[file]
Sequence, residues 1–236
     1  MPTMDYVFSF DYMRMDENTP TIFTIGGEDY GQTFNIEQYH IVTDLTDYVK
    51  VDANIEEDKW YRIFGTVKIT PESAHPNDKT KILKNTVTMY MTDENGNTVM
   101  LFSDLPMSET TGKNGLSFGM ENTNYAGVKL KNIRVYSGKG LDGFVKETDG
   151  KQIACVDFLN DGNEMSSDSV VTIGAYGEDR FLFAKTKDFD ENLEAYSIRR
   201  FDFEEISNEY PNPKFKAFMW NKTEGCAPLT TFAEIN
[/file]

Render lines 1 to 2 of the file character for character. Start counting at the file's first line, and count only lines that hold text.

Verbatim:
Sequence, residues 1–236
     1  MPTMDYVFSF DYMRMDENTP TIFTIGGEDY GQTFNIEQYH IVTDLTDYVK